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A measure that aimed to give the mayor the power to hire and fire Honolulu’s police chief was deferred indefinitely Tuesday by a City Council committee.
Councilman Ikaika Anderson of Windward Oahu introduced Resolution 17-308 in what he called an effort to increase transparency between police leadership and the council. On Tuesday Anderson asked the Executive Matters and Legal Affairs Committee to defer the measure to give commissioners and Police Chief Susan Ballard more time to discuss other options with the council.
Had the committee approved the resolution, it would have required final approval from the full City Council in June, then Mayor Kirk Caldwell’s signature before going on the Nov. 6 general election ballot.
Another measure introduced by Anderson to create a similar process for the Honolulu Fire Commission also died Tuesday.
“I still feel that that idea has merit,” Anderson told Civil Beat, adding that Police Commission Chair Loretta Sheehan has offered alternative ideas.
“Let’s hear what those alternatives are and at that point after hearing this discussion would I introduce this again? I’m not committed to introducing it, I’m not committed to not introducing it,” Anderson said.
The current Police Commission opposed Resolution 17-308. Sheehan did not attend the meeting Tuesday but in written testimony she described Anderson’s proposal as “unnecessary, unjustified, disruptive to the structure of the Police Commission.”
She previously argued the measure would gut the commission and make the police chief susceptible to doing the mayor’s bidding.
Councilman Ron Menor, the committee chair, shared similar concerns about politicizing the police chief selection process. He did say, however, that it’s hard for the public to hold the Police Commission accountable for its actions.
In January 2017, a $250,000 payout for former Police Chief Louis Kealoha was crafted behind closed doors. The commission voted 5-1 to approve the payout.
Then-Commission Chair Max Sword declined a request from the City Council for a briefing on the chief’s retirement package. City officials later refused to explain where the tax dollars offered to Kealoha came from.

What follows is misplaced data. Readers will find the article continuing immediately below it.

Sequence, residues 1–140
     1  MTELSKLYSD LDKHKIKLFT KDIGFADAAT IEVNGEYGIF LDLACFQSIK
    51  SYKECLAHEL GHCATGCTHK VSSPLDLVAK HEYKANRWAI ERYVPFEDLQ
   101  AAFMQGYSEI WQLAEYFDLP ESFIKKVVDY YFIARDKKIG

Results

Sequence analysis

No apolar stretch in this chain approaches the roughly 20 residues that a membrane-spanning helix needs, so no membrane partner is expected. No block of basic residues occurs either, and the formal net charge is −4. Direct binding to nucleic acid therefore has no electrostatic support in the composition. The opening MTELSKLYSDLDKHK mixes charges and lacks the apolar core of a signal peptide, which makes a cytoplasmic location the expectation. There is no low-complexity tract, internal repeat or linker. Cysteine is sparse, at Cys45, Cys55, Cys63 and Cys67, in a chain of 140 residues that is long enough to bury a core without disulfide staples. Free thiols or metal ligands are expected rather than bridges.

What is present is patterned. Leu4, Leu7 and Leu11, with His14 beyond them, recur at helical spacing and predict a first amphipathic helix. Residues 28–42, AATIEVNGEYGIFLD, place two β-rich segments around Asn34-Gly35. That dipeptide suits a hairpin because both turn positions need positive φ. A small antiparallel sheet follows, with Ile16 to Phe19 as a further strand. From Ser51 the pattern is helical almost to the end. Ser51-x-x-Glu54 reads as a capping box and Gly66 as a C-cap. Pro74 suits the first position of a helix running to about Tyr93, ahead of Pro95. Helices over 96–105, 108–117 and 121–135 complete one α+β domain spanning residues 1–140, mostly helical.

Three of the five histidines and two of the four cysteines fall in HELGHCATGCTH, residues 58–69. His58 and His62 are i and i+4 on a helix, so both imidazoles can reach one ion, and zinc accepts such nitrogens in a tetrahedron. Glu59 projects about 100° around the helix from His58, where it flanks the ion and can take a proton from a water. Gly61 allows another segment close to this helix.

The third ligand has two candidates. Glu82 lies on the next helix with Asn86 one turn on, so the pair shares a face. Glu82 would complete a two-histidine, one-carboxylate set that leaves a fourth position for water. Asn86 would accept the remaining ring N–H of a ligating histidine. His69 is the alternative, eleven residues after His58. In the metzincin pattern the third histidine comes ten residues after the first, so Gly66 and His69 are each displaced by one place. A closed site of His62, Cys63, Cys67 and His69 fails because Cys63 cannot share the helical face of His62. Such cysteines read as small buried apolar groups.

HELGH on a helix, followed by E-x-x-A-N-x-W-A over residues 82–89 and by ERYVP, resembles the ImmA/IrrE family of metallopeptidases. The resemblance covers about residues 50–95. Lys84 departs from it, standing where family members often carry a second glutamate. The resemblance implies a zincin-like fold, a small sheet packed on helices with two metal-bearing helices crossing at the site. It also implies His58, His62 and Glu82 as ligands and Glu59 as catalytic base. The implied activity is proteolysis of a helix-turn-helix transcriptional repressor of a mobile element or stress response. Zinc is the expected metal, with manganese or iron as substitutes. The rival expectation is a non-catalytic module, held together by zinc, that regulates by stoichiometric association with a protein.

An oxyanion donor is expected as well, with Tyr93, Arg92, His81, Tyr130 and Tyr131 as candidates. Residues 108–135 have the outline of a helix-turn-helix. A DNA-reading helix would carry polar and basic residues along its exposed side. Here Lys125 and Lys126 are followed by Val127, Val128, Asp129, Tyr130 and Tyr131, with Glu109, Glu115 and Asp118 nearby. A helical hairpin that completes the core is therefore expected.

Sword’s refusal to communicate prompted Anderson to introduce both resolutions last December. It marked just one juncture in a years-long corruption scandal playing out at the Honolulu Police Department.
A grand jury in October indicted Kealoha and his city prosecutor wife Katherine as part of an FBI investigation into alleged criminal conspiracy, fraud and obstruction of justice. Four other HPD officers were also indicted and a fifth officer is awaiting sentencing after pleading guilty. The commission had previously given Kealoha excellent job approval ratings.
Anderson’s resolution also proposed to change how police commissioners are selected. The seven-member board is appointed by the mayor and confirmed by the council but Anderson proposed allowing the City Council to appoint four of the commission’s seven members and the mayor the other three.
“The resolution appears to suggest that councilmembers may bypass the Chair of the Police Commission to have questions answered by their own appointees,” said Sheehan, who replaced Sword in February. She suggested instead having a commissioner regularly attend council meetings to update elected officials on police matters.
Lynne Matusow, the only member of the public who submitted testimony on the measure, opposed it.
“Kealoha is gone,” she wrote. “There is a new commission of dedicated volunteers and a new, highly respected police chief, let them do their job. Don’t meddle.”
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